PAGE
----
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Groceries To Garbage: Why Urgency And Follow-Up Matters In Recruiting

Groceries to Garbage: Why Urgency and Follow-Up Matters In Recruiting

Let’s face it: the term ‘recruiter’ to a prospective hire will probably elicit a loud, unimpressed groan.

Recruiters aren’t blessed with the best reputation. They’re repeatedly made out to be the scapegoat for outdated and ineffective hiring practices that start from the client up. Yes, there are many mistakes to be made in the recruiting timeline, but all bad recruiting processes have one thing in common: they lack urgency. Job candidates are quite well-informed and dependable on this issue, and yet, due to bottlenecks in the talent acquisition stage, the interviewers often fail to initiate the most basic follow-up strategies, leading to poor candidate experiences — and damaged reputations. Most of the top-flight candidates will often decide against fantastic job opportunities solely because the company didn’t follow up properly. Newsflash: your dream employees will not last long in the open market, so this means that you’ll need to move through the recruiting process and follow-up quickly to give yourself the best chance of securing the best talent available.

In today’s market, with average tenures dropping by nearly 10% each year, recruiters have to incorporate urgency and a robust follow-up process into their approach. (Turning Point 2018) As a recruiter, you should always maintain the mindset that you are only as strong as your next hire. That’s what the best in the business do. There are lots of things can be used determine your hiring skills – knowledge of the industry you’re working in, the power of your personal network, and the strength of your recruiting tools come to mind. But without a doubt, the most overlooked determinants are the strength of your follow-up, and the use of urgency. It feels like we’re still just beginning to understand the recruiting industry, as the overwhelming majority of its people are ignoring a fundamental piece of the puzzle in every interaction they have with a candidate.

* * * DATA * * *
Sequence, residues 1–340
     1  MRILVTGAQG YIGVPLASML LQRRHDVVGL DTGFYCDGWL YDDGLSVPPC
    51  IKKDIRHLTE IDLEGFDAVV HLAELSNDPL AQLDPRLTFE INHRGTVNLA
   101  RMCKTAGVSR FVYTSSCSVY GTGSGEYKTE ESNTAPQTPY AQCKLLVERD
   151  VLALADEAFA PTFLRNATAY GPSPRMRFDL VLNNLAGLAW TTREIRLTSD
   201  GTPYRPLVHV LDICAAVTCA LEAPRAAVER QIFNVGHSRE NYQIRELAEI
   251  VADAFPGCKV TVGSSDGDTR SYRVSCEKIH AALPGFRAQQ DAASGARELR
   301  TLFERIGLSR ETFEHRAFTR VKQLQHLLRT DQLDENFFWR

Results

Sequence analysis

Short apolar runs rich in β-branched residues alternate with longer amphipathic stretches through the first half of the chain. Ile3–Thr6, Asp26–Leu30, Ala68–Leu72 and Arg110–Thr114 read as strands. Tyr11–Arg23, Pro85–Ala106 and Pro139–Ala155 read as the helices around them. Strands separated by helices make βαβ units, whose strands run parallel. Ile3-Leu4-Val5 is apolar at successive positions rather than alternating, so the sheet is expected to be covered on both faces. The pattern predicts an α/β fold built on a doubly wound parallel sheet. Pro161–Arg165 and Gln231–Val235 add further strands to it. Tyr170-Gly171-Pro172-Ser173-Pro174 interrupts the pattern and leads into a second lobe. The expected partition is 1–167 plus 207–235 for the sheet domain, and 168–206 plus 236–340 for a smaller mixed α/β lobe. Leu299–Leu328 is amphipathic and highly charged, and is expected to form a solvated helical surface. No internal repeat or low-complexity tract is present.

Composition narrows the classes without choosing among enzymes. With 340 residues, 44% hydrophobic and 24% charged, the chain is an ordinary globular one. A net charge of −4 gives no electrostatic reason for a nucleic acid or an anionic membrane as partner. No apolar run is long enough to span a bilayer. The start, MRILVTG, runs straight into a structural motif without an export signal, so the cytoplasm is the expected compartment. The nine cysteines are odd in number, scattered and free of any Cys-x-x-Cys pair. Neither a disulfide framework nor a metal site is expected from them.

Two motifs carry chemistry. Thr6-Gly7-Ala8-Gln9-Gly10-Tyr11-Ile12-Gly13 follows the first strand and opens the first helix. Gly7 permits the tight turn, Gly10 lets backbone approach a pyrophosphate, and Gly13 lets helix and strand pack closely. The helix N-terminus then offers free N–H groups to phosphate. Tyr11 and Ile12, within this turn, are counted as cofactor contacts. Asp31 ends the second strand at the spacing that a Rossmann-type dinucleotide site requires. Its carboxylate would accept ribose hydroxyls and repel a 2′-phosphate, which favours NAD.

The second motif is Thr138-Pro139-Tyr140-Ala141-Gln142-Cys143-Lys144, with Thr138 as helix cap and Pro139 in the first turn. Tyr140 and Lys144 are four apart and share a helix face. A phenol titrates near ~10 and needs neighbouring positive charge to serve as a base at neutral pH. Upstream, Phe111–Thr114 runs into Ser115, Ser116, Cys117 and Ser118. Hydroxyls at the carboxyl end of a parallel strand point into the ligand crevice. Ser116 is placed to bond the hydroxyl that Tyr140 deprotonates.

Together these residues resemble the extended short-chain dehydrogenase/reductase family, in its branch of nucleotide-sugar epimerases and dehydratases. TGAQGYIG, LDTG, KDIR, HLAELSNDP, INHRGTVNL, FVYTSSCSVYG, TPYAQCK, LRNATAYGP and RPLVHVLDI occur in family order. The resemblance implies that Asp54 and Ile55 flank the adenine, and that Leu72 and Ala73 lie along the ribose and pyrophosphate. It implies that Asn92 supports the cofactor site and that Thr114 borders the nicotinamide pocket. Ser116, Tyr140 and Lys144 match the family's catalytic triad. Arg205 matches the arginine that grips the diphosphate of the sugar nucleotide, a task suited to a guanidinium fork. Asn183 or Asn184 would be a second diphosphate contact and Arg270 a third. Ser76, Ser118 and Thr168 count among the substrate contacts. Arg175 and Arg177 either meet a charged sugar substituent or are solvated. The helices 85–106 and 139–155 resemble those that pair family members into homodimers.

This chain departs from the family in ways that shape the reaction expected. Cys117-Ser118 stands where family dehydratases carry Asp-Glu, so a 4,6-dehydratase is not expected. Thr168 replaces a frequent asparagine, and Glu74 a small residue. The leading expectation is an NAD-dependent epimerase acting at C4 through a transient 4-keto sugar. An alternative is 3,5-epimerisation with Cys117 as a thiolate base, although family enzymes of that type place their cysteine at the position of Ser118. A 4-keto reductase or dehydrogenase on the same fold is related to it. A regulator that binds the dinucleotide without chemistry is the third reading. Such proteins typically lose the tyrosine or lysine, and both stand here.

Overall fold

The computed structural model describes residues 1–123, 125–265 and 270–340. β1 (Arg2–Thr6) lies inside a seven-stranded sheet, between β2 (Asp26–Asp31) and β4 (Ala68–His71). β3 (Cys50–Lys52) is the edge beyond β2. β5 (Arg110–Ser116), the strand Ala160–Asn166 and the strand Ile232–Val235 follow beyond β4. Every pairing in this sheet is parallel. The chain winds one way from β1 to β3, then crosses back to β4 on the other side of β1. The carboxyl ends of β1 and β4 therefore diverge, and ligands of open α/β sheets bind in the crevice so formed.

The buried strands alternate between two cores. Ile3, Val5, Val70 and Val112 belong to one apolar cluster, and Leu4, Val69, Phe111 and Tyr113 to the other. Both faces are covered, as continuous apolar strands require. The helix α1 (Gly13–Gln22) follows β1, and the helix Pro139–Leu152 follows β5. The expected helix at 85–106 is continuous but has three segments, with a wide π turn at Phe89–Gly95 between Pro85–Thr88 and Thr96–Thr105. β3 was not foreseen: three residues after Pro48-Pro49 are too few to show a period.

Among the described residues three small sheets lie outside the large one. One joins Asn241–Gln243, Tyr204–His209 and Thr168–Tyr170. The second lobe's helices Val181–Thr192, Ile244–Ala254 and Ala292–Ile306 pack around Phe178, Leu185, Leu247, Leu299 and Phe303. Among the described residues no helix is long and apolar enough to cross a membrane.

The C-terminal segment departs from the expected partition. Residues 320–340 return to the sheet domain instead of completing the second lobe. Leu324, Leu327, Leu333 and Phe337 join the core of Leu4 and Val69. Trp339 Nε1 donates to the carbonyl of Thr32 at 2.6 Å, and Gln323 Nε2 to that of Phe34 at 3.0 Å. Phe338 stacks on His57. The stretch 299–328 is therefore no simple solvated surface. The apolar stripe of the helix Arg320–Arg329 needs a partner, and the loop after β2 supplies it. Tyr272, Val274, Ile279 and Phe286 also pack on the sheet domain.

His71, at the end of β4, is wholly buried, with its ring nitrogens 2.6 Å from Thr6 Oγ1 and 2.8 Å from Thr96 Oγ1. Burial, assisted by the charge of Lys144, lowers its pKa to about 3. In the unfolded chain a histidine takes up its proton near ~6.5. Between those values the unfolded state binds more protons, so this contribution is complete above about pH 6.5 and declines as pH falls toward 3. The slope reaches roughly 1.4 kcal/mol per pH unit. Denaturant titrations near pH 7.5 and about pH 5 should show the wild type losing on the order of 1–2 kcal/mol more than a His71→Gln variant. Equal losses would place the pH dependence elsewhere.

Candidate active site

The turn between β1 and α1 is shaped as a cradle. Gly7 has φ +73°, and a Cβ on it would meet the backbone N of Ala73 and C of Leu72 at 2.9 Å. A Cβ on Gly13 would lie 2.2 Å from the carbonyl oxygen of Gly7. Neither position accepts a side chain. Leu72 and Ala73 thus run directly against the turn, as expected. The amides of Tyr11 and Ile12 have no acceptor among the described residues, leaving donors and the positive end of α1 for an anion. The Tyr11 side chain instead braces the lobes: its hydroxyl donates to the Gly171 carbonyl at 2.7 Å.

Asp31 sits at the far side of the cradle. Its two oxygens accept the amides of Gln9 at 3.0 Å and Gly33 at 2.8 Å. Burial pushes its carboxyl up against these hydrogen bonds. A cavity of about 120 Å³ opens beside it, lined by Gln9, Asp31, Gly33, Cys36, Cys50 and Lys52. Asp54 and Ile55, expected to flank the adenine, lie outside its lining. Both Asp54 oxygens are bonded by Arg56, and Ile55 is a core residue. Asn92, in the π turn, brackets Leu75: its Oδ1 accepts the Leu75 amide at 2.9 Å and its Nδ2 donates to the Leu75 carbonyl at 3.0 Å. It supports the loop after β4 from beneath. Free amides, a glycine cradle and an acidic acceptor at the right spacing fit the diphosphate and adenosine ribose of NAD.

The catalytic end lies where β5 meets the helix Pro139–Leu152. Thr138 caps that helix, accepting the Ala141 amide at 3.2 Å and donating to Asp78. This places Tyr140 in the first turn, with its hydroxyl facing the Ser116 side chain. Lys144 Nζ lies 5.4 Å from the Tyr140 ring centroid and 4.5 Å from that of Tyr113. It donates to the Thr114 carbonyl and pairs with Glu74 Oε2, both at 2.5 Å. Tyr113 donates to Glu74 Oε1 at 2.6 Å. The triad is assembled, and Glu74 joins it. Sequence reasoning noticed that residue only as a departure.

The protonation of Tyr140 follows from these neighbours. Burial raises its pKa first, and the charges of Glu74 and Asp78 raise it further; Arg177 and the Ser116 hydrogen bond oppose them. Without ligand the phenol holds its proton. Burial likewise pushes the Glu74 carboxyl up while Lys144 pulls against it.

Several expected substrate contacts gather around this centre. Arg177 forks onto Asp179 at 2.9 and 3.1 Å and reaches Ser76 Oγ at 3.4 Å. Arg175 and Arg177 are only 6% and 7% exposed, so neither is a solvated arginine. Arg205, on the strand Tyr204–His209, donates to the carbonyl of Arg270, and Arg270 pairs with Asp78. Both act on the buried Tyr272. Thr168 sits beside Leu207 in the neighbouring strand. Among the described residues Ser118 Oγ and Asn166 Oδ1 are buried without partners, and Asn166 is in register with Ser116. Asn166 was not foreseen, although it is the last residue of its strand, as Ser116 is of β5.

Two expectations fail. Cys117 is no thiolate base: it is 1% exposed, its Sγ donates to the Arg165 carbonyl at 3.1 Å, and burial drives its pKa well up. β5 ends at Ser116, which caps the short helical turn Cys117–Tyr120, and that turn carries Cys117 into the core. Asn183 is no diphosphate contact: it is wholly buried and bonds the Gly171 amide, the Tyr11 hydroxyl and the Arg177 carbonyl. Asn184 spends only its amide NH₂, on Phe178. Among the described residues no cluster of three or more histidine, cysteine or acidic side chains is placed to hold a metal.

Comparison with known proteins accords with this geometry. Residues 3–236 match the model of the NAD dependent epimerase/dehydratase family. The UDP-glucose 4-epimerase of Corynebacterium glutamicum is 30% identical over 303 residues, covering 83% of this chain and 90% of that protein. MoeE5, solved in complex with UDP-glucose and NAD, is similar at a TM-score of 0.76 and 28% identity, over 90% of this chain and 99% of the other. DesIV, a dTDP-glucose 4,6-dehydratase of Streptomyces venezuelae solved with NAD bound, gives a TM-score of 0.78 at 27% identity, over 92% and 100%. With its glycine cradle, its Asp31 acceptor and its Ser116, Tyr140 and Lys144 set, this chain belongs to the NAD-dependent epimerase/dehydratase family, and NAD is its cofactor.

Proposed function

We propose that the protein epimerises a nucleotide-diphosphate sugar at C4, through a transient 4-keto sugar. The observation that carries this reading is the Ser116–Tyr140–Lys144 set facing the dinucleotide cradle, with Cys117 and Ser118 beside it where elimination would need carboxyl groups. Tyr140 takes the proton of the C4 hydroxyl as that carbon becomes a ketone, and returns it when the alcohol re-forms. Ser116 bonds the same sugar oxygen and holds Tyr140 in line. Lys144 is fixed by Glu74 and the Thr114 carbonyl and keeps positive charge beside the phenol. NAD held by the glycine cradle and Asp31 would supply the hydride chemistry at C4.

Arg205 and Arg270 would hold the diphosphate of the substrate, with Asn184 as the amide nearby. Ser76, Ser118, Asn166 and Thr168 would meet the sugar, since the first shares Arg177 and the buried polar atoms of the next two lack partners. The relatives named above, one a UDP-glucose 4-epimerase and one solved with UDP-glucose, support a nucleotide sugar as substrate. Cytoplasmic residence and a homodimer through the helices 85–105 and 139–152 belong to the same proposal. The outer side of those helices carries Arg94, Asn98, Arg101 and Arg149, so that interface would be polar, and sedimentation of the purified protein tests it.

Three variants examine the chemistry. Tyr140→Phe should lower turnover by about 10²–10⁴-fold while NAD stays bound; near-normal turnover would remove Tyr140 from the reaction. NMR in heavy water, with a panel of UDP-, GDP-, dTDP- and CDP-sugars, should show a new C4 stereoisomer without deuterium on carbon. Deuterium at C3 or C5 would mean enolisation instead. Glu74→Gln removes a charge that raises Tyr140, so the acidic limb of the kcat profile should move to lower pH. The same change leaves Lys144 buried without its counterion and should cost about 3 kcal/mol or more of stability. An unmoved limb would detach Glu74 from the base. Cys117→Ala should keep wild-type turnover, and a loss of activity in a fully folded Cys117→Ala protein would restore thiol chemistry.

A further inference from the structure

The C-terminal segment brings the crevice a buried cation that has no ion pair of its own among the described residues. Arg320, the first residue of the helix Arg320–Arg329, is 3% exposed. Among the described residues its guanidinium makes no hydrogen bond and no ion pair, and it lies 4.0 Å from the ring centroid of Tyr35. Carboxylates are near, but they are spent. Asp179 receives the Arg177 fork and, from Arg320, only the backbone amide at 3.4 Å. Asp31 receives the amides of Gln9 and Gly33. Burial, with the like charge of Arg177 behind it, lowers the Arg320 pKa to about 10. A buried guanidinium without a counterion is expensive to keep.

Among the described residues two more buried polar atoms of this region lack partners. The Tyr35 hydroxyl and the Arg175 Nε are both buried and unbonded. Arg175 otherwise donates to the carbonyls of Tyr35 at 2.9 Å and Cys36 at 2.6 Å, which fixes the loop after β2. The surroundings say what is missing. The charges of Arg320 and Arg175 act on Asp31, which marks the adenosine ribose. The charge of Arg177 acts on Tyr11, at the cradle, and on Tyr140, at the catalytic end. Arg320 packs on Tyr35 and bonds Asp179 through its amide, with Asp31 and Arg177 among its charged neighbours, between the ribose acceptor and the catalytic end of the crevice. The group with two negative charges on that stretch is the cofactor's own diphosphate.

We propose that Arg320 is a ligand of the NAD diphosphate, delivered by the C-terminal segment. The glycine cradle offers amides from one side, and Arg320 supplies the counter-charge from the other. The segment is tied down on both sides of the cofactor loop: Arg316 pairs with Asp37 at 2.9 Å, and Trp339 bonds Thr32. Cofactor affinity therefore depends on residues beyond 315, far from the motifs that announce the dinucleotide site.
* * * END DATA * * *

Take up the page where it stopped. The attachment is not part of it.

Understanding the life cycle of a successful hire is not difficult. Every good hire has an expiration date – so don’t make the good candidates wait a minute longer than they need to.  This is a candidate-driven market, and candidates know they are in demand. Unemployment rates in the U.S. are at a historic low, falling to 4.2% in 2017, 4.1% in 2018, and the natural unemployment rate sitting somewhere between 4-5%, according to the Federal Reserve. (BLS 2018) In terms of health care, the unemployment rate shrank from 3.8% in 2017 to 3.1% in 2018, with no signs of slowing down. While this is a potential indicator of a successful economy, it can also cause some problems. With so many candidates being employed at this time in America, a large percentage of the population will not consider making a career change. To recruiters, that also drives the price of skill sets up, which will put many companies in uncomfortable positions. This creates the basis for a candidate-driven market, putting the power squarely in the candidate’s hands.

Move too slowly and you’ll risk losing your dream hire – move too quickly, and you’ll be wondering what Candidate X might have done if you didn’t accept your dream hire! Although they may taste delicious now, your new store-bought groceries will soon turn into garbage with the passage of time. The same is true of the perfect candidate.